Do Floor Managers and Supervisors Need Leadership Training?

One of the great cockups that Corporate America makes is assuming people who are great at their jobs will be great leaders of their departments. They promote great salespeople to become sales managers or they promote great machine operators to become floor managers.

This compounds two mistakes, one on top of the other. Not only have you lost your best salesperson or best machine operator, but you put them in a position they may not be suited for. Not everyone has what it takes to be a good leader or even a good manager. So now you have a bad manager, or at least a poorly-trained one, leading a department that just lost its best performer.

Your best managers and leaders may not be the best performers in your department, and maybe they shouldn’t be.

In the sales department, that person is probably going to be an average performer. They know how to make sales and they make their numbers, but they’re not a rockstar. They’re the people who make connections between and among clients, or they make introductions and referrals, or they’re constantly learning and reading, and they share that information with their colleagues.

The machine operator who knows how to keep the machine running and trains the new employees may not be your top performer, but they’re the ones with the experience and wisdom to be a resource to the rest of the department.

Those are the people who are better suited to lead your department. They’re solid contributors and they understand the basics, but they’re not the superstars within the department.

Leadership training is a good idea for floor managers and shift supervisors, although maybe not a ropes course.Think of it this way: Michael Jordan, Peyton Manning, Venus Williams are all superstars, but they would make horrible coaches. Why? Because they will carry a level of expectation, knowledge, and drive that they’ll expect their players to have, which they won’t. But the people who were their coaches? They weren’t the superstars themselves, they just knew how to harness that level of excellence within their players.

You definitely can’t just give management positions to the people based on seniority. Time served doesn’t matter one bit. The person who hasn’t been promoted for a long, long time? There may be a reason for it. Dig into the reason they haven’t been bumped up the ranks before you just hand someone a promotion and push them into management. People need to have the right attitude and aptitude to have a shot at being a manager.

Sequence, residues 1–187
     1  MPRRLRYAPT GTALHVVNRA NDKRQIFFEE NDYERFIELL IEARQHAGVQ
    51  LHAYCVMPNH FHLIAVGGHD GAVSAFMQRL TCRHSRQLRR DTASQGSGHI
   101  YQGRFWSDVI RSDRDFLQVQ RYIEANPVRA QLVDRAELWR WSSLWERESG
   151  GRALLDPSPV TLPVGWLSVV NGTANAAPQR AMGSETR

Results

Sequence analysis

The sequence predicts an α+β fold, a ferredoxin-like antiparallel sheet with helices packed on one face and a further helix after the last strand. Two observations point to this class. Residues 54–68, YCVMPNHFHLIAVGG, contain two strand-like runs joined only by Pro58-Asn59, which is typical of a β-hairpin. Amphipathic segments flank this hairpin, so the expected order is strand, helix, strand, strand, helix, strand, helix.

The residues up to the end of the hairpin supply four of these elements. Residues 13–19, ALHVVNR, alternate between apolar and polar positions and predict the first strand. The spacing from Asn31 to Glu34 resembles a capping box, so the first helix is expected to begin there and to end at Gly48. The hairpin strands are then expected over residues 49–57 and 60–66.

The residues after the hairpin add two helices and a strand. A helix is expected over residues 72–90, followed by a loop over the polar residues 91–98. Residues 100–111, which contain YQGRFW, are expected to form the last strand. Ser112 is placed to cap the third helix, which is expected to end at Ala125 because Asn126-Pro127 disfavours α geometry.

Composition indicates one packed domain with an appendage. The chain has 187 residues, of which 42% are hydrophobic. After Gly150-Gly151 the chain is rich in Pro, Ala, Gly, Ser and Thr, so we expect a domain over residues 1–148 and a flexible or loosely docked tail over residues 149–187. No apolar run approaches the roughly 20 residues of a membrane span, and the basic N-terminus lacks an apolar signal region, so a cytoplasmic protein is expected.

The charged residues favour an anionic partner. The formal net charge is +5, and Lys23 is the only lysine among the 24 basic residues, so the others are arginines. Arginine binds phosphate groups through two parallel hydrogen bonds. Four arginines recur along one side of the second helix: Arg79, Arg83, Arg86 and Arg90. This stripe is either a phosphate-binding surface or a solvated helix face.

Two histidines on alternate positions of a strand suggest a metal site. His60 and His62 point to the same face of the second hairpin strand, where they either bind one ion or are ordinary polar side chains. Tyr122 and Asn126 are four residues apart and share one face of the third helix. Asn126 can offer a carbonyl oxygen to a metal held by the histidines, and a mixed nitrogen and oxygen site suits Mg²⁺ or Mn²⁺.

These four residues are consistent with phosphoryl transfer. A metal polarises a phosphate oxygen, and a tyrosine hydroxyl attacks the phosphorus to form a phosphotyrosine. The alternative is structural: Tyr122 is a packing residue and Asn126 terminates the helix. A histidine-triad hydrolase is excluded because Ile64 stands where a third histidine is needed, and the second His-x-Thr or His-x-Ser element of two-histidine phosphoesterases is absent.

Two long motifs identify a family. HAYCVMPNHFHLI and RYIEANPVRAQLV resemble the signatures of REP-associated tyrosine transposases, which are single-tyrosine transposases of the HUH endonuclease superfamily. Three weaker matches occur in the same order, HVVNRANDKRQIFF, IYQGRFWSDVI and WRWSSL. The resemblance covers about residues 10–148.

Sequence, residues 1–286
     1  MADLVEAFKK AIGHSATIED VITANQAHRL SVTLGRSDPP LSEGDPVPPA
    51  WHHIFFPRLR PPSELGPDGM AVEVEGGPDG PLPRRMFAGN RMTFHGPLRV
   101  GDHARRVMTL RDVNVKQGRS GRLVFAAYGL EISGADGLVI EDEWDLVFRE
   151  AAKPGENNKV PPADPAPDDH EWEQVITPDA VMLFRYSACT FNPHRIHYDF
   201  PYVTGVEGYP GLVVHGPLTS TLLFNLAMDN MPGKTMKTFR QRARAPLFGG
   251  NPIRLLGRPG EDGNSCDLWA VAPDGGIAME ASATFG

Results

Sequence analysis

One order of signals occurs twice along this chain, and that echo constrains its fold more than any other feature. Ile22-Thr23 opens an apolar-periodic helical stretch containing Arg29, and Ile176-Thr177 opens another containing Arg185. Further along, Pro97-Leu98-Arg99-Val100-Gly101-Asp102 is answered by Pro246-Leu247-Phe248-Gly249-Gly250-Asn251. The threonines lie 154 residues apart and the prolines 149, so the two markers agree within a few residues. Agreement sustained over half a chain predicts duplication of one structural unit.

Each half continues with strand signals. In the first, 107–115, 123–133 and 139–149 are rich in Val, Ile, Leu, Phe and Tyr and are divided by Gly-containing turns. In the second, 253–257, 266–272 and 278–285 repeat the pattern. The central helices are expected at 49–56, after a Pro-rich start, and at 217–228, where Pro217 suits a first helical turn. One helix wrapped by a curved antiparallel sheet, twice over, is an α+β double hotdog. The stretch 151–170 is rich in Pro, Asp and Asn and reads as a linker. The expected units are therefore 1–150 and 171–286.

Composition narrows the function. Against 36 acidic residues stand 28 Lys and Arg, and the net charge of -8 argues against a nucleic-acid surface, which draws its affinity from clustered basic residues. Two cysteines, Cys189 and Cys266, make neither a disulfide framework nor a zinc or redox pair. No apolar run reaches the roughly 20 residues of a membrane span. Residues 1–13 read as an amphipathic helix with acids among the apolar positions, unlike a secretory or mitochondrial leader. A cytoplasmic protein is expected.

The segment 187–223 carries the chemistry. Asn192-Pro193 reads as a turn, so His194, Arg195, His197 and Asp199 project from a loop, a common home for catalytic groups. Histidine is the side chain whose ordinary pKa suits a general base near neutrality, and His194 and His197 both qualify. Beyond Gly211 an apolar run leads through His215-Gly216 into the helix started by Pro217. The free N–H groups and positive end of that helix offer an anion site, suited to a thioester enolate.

Give Them Leadership Training

Once you promote these people, you can’t expect their ideal skills will make them good leaders. They still need training and development. Even though there are people who have intuitive leadership skills, they have to be consistently honed.

I believe in providing leadership training to even the floor managers and shift supervisors. For one thing, those folks have a chance to move up even further in the operation, so why wait to provide them the managerial training I want them to have? I can get them started on my philosophy and system right away, and get them trained on it so by the time they reach those higher positions, they’re ready to start on Day One.

However, I would only send them to something I’ve experienced instead of something that was just sold to me, just to make sure we’re all speaking the same language.

So pick your training carefully and ensure that it tests the individuals’ attitude and aptitude. If it’s just a bullshit class for four days and they come away with a certificate that says they attended it, how do you apply it? What kinds of lessons did they actually learn?

I would rather send people to a management class at a local university than to send someone to a four-day bullshit class that just regurgitates every other leadership book in the local bookstore. I want leadership classes that teach empathy, how to delegate, and how to get people to buy into your vision (which is really the company’s vision).

That’s the kind of leadership training your management team needs, even the floor managers and shift supervisors.

I’ve been a manufacturing executive, as well as a sales and marketing professional, for a few decades. Now I help companies turn around their own business, including pivoting within their industry. If you would like more information, please visit my website and connect with me on Twitter, Facebook, or LinkedIn.

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Author: David Marshall
I’ve been a manufacturing executive, as well as a sales and marketing professional, for a few decades. Now I help companies turn around their own business. If you would like more information, please visit my website and connect with me on Twitter or LinkedIn.